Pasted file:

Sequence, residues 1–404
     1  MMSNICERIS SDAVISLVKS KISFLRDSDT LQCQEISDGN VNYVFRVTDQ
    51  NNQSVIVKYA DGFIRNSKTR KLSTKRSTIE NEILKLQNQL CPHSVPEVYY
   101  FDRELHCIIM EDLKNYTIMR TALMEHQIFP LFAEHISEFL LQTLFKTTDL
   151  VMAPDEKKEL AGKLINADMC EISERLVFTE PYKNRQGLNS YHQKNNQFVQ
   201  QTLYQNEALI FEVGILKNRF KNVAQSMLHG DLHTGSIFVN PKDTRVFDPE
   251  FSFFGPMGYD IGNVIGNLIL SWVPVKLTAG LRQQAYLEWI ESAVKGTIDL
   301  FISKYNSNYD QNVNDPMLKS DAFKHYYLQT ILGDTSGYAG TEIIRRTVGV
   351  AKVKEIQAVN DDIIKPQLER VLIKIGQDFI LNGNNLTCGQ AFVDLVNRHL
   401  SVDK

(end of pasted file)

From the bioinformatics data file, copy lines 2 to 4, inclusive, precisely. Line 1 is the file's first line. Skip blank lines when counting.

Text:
     1  MMSNICERIS SDAVISLVKS KISFLRDSDT LQCQEISDGN VNYVFRVTDQ
    51  NNQSVIVKYA DGFIRNSKTR KLSTKRSTIE NEILKLQNQL CPHSVPEVYY
   101  FDRELHCIIM EDLKNYTIMR TALMEHQIFP LFAEHISEFL LQTLFKTTDL